Adventures in Chain Pressing!

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Hi, everyone!

Can you believe that August is here already?

Here in North Carolina, autumn will soon be upon us with all that we look forward to: back to school, cooler temperatures, the changing of the seasons, and the turning of leaves into glorious colors.

Summers are busy for many, and sometimes quilting takes a backseat during the summer, but when the calendar turns to fall, we are ready to spend the crisp autumn days inside at our machines with not-too-far-off holiday gift-giving in mind.

I love to share how some simple streamlining of every day quilty processes really does save me time and keep me more organized.

It might mean a slight change in the way that you’ve always done things, and what I’m showing you today is not quilt rocket science, but maybe you’ve never thought about it or seen it done before.

Our first photo above is of a half a gazillion (or what feels like it!) half-square triangle units being sewn for a scrappy triangle border.

Now, I know a lot of folks who LOVE to take their chain of units and cut it apart before pressing, either with scissors, snips, a seam ripper upended into a wooden block or empty spool, or even using a razor blade gadget meant for cutting chains. Great.

But take a moment to think about the action and the energy exerted here, and what it means for the next step, the pressing.

If you cut the units all apart first, you now have a messy pile of units all out of order, and they have to be picked up one at a time, rotated into position, pressed, and set aside—and then you have to pick up the next one, giving it a quarter turn the other way….it’s a lot of WORK. It takes more TIME.

Because you cut first, pressed second.

What if we do it the other way around?

These next couple of photos are from my pressing area at the cabin. No fancy schmancy here, I keep things simple!

And it starts with the SEWING! Can you tell by the photo that all of my dark fabrics are on top, the neutrals underneath? This is so I can quickly press them all in one direction without having to flip-flop the motion of the iron.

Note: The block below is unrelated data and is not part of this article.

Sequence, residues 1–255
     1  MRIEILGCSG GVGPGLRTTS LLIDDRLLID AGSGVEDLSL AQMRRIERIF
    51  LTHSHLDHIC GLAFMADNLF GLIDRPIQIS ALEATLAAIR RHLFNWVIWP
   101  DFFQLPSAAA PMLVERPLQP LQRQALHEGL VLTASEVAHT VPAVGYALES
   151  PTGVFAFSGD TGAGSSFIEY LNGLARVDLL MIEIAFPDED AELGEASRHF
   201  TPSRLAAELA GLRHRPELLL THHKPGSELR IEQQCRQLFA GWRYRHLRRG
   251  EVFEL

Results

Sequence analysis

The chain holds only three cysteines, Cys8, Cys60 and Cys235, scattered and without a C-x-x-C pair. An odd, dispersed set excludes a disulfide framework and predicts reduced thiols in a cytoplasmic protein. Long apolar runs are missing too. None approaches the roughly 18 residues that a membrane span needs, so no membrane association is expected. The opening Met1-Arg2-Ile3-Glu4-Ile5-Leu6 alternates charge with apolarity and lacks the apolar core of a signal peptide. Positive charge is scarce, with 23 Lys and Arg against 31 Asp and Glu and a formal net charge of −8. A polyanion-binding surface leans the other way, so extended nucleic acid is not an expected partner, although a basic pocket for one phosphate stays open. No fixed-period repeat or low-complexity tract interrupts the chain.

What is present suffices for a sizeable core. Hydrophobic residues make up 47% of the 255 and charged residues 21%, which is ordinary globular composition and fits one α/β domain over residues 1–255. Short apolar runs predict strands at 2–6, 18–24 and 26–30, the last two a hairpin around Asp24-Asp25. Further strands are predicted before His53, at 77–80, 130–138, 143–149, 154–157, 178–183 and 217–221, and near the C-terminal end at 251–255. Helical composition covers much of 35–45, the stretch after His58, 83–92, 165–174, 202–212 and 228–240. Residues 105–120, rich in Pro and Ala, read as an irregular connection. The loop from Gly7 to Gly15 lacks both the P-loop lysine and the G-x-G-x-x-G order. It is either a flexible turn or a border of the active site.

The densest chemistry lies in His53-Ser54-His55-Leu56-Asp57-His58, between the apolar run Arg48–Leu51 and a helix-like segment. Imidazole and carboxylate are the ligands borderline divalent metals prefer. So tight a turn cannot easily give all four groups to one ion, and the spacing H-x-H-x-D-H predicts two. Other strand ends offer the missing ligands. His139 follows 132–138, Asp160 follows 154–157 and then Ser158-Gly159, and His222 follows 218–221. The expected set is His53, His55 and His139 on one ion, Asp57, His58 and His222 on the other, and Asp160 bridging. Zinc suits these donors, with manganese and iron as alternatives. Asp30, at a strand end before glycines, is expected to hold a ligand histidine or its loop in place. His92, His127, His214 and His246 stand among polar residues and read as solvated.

I like to lay my chain of units, be they triangles, four-patches, nine-patches, flying geese, or whatever while still connected in a chain on top of the ironing board.

I use an old towel on top of my ironing board because it grabs the pieces and keeps them from shifting around while I press.

It also keeps the ironing board cover from getting stained and nasty, and when the towel is covered with threads, I simply wash it, and I am good to go again.

Because I was working with half-square triangles it brought to mind that perhaps some simple explanation of how bias and grain can affect units would be in order.

Do you see the arrows going from flat side to flat side across the units? This is the straight of grain for these units. My iron presses (notice I said PRESS not IRON!) this direction, from side to side, when pressing half-square triangles.

If I press from corner to corner across the unit along the direction of the seam, the weight and heat of the iron can stretch these units into wonky proportions because I am pressing with the bias.

The same thing happens if I move the iron from bottom point to top point. I’ll get very misshapen units.

Pressing with the straight of grain ensures that my units are pressed SQUARE, and there is much less trimming of oddly shaped units.

I am also “old school” in that I don’t use steam when pressing individual units. I believe the addition of heat and steam can change the shape of a unit into dimensions that you don’t want your units to remain in. If I do steam, it is usually after the quilt top is assembled, before loading it in the longarm for quilting.

My irons also have long, extended lives because I never add water into the iron. I use a spray bottle and spritz and press where needed.

Here is my chain all nice and pressed. How easy is it to come right up between each unit and cut the threads? Because the units are all in the same orientation with the darks pointed up, I can easily pick them up after snipping them apart and stack them neatly in piles—also in the same orientation—because I didn’t cut them apart willy-nilly with some standing razor-blade thing. It makes it easy to take them back to my machine, lay them out for the next step, and keep on sewing.

Would you like to see the top these went on? Here it is:

This is my new design, Spanish Rose, and I’m teaching it this month on a Mediterranean Cruise with 50 quilting cruisers with me!

Now to get it quilted and bound, label and hanging sleeve on, and the pattern written before we set sail!

I hope this info is helpful to you, and as always, if there is something you’d like to see me post about in the future, please leave a comment below! Your question may be featured in a future post!

Bonnie K. Hunter is the author of several C&T titles, including Scraps & Shirttails, Scraps & Shirttails II, String Fling, Adventures with Leaders & Enders, and More Adventures with Leaders & Enders, and soon-to-be-released Addicted to Scraps—the book!

Bonnie is also the Addicted to Scraps columnist for Quiltmaker magazine, giving hints, help, and tips in every issue to help put your own Scrap User's System to good use, making more quilts in less time.

Follow Bonnie's daily blog at http://quiltville.blogspot.com.

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